We will not kill Israeli soldier, say kidnappers

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The Independent Online

Najah Abu Amra, 40, was disinclined to express an opinion about the abduction which triggered the arrival of Israeli troops.

"I don't know about that," she said to the sound of machine-gun fire from the long-closed Gaza airport a kilometre away, "I can't say about the [Israeli] soldier, but I am worried for my children." Mrs Abu Amra, looking anxious and carrying a baby in her arms, said she was one of a group of eight families ordered out of their homes bordering the airport last Wednesday when Israeli forces took it over. Yesterday she and several other mothers went back, waving white flags made out of headscarves tied to branches, to try to retrieve clothes and food for their children. But they were prevented by warning fire from Israeli armoured units.

She said: "We had to come back here. We are staying here with our friends." Mrs Abu Amra and her neighbours are among the few Palestinians caught in the front line of this ground conflict which has so far been restricted to sections of the northern and southern extremities of the Gaza Strip. In contrast to June, when, according to the Israeli human rights agency B'tselem, 24 Palestinian non-combatants were killed, no civilians had by last night been reported killed by Israeli fire since the campaign began eight days ago.

As the deadline set by militants holding 19-year-old Cpl Gilad Shalit for Israel to agree prisoner releases expired yesterday, the groups ­ including members of Hamas's military wing ­ said they would "freeze" contacts with mediators but would not kill their captive.

Most ominously, however, militants launched a Qassam rocket for the first time into the centre of the coastal city of Ashkelon at least 12 kilometres away, hitting an empty school. Ehud Olmert, the Israeli Prime Minister, described the attack, claimed by Hamas's military wing, as a "major escalation in the war of terror" and warning that Hamas would be the first to feel "far-reaching consequences".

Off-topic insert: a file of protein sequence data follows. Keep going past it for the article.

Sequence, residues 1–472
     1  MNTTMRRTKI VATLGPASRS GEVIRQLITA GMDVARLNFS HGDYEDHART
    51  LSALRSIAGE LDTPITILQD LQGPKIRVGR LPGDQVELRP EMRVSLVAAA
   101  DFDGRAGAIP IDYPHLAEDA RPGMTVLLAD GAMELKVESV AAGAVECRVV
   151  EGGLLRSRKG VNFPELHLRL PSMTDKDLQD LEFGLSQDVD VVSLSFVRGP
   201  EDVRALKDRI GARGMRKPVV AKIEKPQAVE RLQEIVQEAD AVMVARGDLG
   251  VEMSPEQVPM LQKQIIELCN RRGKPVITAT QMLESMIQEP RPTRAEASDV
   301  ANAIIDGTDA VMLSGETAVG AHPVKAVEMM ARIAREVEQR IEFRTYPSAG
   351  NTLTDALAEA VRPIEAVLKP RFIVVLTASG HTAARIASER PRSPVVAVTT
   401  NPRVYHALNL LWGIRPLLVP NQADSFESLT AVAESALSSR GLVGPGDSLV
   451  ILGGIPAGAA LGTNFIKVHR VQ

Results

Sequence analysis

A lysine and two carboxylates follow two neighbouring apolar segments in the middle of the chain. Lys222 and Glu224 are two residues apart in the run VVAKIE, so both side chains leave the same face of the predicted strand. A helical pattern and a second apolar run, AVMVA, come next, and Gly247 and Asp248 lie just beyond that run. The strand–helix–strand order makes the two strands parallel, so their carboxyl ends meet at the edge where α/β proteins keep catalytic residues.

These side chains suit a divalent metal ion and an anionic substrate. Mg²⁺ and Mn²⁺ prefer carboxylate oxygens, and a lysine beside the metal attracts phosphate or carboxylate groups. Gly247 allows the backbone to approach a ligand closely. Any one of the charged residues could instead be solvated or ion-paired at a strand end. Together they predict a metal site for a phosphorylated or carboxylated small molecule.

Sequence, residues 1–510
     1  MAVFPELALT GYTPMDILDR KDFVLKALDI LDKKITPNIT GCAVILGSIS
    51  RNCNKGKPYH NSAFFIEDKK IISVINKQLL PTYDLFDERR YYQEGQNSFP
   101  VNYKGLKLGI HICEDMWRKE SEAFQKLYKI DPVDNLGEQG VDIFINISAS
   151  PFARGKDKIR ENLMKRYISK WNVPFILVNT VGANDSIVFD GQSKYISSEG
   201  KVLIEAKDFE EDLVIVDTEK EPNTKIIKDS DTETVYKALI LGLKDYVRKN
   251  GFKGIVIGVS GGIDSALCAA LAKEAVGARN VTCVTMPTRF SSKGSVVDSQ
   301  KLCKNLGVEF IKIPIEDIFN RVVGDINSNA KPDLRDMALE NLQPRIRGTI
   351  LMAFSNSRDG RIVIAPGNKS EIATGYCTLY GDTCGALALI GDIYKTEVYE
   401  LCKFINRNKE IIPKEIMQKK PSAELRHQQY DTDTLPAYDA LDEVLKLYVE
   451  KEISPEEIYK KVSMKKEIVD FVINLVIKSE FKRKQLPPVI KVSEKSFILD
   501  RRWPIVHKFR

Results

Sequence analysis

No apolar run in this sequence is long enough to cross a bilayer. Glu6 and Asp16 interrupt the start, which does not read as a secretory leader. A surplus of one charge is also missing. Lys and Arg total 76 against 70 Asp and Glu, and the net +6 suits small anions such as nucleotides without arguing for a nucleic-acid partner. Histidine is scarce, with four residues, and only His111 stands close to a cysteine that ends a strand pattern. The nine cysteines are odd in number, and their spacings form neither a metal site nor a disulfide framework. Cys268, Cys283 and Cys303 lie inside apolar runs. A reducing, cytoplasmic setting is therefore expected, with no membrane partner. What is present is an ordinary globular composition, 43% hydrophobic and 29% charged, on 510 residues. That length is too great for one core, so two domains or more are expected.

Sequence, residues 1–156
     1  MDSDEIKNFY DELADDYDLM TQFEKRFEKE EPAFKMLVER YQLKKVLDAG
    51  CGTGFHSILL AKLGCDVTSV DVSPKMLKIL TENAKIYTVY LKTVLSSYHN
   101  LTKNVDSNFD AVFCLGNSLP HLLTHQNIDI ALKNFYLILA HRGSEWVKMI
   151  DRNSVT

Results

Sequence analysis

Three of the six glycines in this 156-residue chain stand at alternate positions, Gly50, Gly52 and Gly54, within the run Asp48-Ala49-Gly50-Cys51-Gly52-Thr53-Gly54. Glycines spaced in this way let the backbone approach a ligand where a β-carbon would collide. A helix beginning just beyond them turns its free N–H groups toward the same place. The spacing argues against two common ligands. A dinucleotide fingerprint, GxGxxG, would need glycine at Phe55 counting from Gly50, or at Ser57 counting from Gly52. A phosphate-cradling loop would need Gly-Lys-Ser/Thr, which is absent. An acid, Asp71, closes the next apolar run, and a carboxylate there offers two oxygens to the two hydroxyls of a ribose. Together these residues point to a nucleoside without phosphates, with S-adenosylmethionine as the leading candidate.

Meanwhile, the Erez crossing into northern Gaza from Israel was closed as troops, backed by tanks, armoured vehicles and bulldozers, moved over the border there for the first time and directed heavy fire at the Palestinian side of the crossing.

Earlier, an overnight missile attack destroyed a students' council building in Gaza City's Islamic University and another killed a militant in northern Gaza. That Israel had not yet embarked on a full-scale ground incursion appears partly to reflect the need not to endanger further Cpl Shalit as well as external pressure.

The Foreign Minister Tzipi Livni said yesterday that Israel had "reasons " to believe he was alive. General Yossi Kupperwasser, the former Israeli intelligence chief, said Hamas showed a lack "of reasonable accountability". "It is as if the Israeli air force launched an attack in Gaza and Ehud Olmert said, 'I don't know what's going on. I'll have to find out'." He added that the "ball is in the court of the Palestinians" and that the alternative to Cpl Shalit's release and a halt to Qassam rockets would be a military campaign.

Egypt's President Hosni Mubarak is spearheading an intense diplomatic effort to mobilise pressure from countries including Saudi Arabia on Syria to bear down on the Damascus-based Hamas leader Khaled Mashaal ­ to whom Israel and allies of Mahmoud Abbas, the Palestinian president, believe the captors of Cpl Shalit are ultimately answerable ­ to release the soldier possibly in return for the informal promise of future releases of Palestinian prisoners.

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